16, 2005: As you are planting your fields this season,
pay attention to what your neighbors are planting as well.
How are they managing their land? Be mindful of where they
are using chemical fertilizers, pesticides, and other prohibited
substances, since their practices will largely determine where
you need to maintain buffers.
During the inspection for organic certification, the inspector
reviews your management of buffers to insure they minimize
the risks of contamination for your organic crops. Appropriate
buffers must also be maintained in pastures and outdoor access
areas used for organic livestock, if needed.
One of the requirements for organic certification is to have
“distinct, defined boundaries and buffer zones such
as run-off diversions to prevent the unintended application
of a prohibited substance to the crop or contact with a prohibited
substance applied to adjoining land that is not under organic
A buffer zone is defined as “an area located between
a certified production operation or portion of a production
operation and an adjacent land area that is not maintained
under organic management. A buffer zone must be sufficient
in size or other features (e.g., windbreaks or a diversion
ditch) to prevent the possibility of unintended contact by
prohibited substances applied to adjacent land areas with
an area that is part of a certified operation.” 
In other words, you need to maintain buffer zones along field
borders where your neighbors apply synthetic chemicals (or
other prohibited substances). This includes farm fields, conservation
areas, residences, and commercial operations.
The federal rule does not specify that a buffer zone be a
specific width, but 25 to 30 feet is generally accepted by
certifying agents as adequate to prevent most contamination
from a neighboring field. Buffer zones can be planted to a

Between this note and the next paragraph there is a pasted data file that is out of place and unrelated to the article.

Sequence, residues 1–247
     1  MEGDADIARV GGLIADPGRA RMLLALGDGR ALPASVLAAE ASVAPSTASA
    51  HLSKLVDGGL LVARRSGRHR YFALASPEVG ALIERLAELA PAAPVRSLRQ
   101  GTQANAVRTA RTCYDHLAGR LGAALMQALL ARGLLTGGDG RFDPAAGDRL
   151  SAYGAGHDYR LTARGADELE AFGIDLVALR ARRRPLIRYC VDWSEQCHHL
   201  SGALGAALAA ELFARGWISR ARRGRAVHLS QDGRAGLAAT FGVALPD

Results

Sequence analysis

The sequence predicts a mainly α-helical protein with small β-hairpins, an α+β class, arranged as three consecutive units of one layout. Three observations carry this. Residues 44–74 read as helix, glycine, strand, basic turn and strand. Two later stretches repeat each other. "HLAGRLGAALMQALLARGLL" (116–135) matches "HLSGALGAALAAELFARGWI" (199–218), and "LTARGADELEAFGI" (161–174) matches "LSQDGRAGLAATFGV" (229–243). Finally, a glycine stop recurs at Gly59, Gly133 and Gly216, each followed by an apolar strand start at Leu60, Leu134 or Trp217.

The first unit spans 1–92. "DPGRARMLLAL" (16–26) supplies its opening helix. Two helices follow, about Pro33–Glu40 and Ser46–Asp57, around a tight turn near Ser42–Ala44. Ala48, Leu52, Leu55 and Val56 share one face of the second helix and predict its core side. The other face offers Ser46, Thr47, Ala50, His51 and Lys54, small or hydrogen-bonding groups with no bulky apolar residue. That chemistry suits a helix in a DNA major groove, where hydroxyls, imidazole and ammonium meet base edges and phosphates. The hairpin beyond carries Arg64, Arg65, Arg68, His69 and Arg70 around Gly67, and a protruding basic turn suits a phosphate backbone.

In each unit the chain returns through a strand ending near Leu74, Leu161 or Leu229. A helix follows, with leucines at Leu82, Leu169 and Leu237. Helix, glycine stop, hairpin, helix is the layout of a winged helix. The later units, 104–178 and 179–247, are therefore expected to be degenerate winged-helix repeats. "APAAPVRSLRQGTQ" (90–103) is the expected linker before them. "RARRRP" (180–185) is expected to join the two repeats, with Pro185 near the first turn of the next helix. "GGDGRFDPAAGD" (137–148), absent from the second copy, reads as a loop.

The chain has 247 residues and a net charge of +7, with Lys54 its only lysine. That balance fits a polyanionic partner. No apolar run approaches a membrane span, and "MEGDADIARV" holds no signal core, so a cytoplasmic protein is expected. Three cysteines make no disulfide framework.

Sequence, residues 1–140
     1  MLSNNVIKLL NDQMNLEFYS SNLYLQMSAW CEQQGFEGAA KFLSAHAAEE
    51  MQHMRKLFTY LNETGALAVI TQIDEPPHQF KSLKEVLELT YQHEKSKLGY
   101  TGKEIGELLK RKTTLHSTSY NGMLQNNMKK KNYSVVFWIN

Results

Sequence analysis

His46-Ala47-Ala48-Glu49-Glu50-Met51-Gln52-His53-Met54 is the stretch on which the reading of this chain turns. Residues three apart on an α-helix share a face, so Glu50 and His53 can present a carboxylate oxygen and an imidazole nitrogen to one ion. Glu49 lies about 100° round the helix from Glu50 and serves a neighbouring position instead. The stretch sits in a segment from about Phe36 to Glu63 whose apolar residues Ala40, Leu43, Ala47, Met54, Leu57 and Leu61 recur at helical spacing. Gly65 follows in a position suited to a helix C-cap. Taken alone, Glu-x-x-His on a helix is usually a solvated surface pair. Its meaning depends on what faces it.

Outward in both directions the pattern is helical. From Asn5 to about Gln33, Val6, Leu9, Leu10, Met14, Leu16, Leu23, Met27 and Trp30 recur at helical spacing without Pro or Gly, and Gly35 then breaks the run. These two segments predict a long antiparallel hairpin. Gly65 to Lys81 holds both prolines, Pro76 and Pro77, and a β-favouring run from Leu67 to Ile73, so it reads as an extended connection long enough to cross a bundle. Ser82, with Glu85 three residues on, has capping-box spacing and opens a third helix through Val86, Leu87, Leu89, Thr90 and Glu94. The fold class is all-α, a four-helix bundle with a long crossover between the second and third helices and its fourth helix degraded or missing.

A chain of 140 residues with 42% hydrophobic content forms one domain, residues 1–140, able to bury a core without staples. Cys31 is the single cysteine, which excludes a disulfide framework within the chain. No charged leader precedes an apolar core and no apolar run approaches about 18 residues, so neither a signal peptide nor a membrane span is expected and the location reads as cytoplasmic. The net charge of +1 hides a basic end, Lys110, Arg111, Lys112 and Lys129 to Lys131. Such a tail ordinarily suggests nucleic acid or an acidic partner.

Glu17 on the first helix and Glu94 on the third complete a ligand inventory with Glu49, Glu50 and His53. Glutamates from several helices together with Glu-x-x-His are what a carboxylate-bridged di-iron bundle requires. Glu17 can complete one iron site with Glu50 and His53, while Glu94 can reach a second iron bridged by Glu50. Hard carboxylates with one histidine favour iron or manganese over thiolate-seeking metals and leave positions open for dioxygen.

crop that is managed organically but is sold as conventional.
A buffer can be planted to grass, or better yet, a permanent
tree and shrub planting, which can provide habitat for birds,
wildlife, and beneficial insects. Significant height in a
buffer has the added benefit of protecting your fields and
organic crops from contamination by aerial movement of pesticides
and from wind erosion.
If you choose to plant your buffer to a crop, the crop is
treated as conventional. If sold, you must keep a record of
the sale, such as a weight ticket or invoice. Even if you
allow your neighbor to mow the buffer for hay, you must keep
a written record of the hay harvest (name, date, location
of buffer and crop harvested). Certifying agents can give
you examples of buffer record forms. You can also download
an example of a buffer record from ATTRA’s website,
You should also mark all buffer zones on your farm map.
What about an area where your neighbor is not using prohibited
materials? Your certifying agent may require you to have your
neighbor sign a statement that they are not using prohibited
substances in areas adjoining your fields. Once you have written
proof that no prohibited substances are applied on adjoining
land, the certifier can grant you the option to raise organic
crops without buffer zones in affected areas.